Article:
The parliamentary debate on Murdoch's media empire was a rare occasion when former prime minister Gordon Brown made an appearance at the House of Commons and gave a speech that could truly be called stirring. The important thing, however, was the fact that his speech differed considerably in tone and content from that of Labour leader Ed Miliband. Miliband emphasized on a cross-party approach to the problem in which the past and mutual wrangling over which political party was more cosy with Murdoch be put aside. It was a tone widely welcomed by the Tories for there is little doubt that they are the ones who have had closer connections with the Murdoch media empire. Gordon Brown, however, had himself been on the receiving end of attacks by Murdoch's papers including an entirely tasteless lead story about his young son suffering from cystic fibrosis. He had no need for such niceties and made a forceful case spelling out just how much he had done to try and control Murdoch's ever expanding media clutches while the Tories had done nothing. When questioned by the Tories about these moves, he pointedly asked how many times had the Tories brought forward a move in parliament to have News International investigated into. The answer was that even a fortnight ago, Prime Minister David Cameron had felt there was no need for a judge
In fact, the parliamentary debate and the judicial inquiry are matters in which the government has had to give in with considerable reluctance. Labour has seized the initiative here, but with Miliband's 'let us forget the past' approach, has not gone for the jugular. The truth is that neither party is effectively without sin on this issue and both have been dragged – the Tories more than Labour – to their present position of open hostility against Murdoch almost entirely by the weight of public opinion. Among many other things, it shows just how much democracy depends on education and awareness for its successful functioning.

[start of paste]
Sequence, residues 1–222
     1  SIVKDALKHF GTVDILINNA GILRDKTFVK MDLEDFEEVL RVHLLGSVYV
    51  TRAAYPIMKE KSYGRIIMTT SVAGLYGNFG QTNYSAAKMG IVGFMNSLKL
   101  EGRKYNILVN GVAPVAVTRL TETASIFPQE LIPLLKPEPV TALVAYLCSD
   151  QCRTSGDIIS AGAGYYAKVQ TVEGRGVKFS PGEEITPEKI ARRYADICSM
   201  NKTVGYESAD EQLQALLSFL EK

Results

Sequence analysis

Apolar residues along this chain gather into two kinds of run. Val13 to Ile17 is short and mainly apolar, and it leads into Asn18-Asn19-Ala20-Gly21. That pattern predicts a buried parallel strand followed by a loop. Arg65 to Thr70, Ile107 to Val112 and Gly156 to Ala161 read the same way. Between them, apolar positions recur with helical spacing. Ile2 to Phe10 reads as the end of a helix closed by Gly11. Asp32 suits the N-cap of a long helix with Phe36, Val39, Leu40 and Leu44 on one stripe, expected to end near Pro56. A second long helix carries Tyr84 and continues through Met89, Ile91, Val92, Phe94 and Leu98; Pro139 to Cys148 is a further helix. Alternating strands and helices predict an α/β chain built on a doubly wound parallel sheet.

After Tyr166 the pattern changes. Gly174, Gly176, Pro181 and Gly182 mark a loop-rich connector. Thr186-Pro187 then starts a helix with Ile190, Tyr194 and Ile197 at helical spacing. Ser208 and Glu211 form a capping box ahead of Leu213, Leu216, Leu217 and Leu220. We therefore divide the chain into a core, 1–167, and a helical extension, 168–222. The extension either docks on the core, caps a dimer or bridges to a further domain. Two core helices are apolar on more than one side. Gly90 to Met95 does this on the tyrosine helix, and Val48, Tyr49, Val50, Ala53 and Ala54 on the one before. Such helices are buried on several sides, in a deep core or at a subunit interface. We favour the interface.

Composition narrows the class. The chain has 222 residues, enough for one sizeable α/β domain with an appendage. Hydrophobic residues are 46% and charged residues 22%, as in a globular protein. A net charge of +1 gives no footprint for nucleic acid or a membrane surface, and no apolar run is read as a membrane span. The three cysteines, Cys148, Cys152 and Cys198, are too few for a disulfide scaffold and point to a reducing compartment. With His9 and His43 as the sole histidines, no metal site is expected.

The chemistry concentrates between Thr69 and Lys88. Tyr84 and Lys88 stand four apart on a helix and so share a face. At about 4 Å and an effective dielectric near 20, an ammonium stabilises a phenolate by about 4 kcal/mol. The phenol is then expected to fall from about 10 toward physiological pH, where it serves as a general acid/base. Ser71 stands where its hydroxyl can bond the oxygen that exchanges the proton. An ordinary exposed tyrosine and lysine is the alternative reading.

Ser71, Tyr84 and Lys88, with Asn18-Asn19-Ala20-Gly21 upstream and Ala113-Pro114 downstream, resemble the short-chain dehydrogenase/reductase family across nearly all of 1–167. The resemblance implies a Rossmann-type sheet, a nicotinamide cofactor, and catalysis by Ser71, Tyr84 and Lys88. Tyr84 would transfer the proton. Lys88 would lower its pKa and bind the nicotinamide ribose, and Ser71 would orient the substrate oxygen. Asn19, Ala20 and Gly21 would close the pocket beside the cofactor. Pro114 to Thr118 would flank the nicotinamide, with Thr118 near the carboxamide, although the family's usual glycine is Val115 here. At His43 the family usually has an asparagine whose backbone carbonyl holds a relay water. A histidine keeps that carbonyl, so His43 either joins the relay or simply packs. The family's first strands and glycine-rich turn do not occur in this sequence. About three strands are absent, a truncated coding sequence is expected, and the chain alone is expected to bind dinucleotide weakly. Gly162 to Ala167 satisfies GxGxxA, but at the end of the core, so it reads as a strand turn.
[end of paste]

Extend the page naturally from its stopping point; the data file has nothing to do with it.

This is something that could yet land at the Prime Minister's door. There is a huge question mark over his appointment of Andy Coulson, a former editor of The News of the World, as his Communications Director after he became Prime Minister. It is said that he was warned against the appointment by his coalition partner, the Liberal Democrat leader Nick Clegg, and by former LibDem leader Lord Ashdown. More recently, the Guardian, which has been at the forefront of the revelations against the News of the World, has said that in February 2010, the paper had run a story which should have given Mr Cameron pause for thought. For legal reasons it contained only limited details of what went on while Mr Coulson was editor, including employing a private investigator who had served a seven-year sentence for perverting the course of justice and who had been charged with conspiracy to murder. Believing that Mr Cameron should be made aware in private of the full details, the Guardian passed these details on to the Prime Minister's senior advisor, Steve Hilton. In the Commons, however, Mr Cameron told MPs that the Guardian passed no significant private information about Mr Coulson to his staff. That, the Guardian has categorically said, is incorrect.
Doubtless, the judicial inquiry will reveal much more about how much the Prime Minister knew, or chose not to know. The non-Murdoch media, equally doubtless, will not let things be pushed into the background. The inquiry is supposed to take about a year; it could be a very uncomfortable year for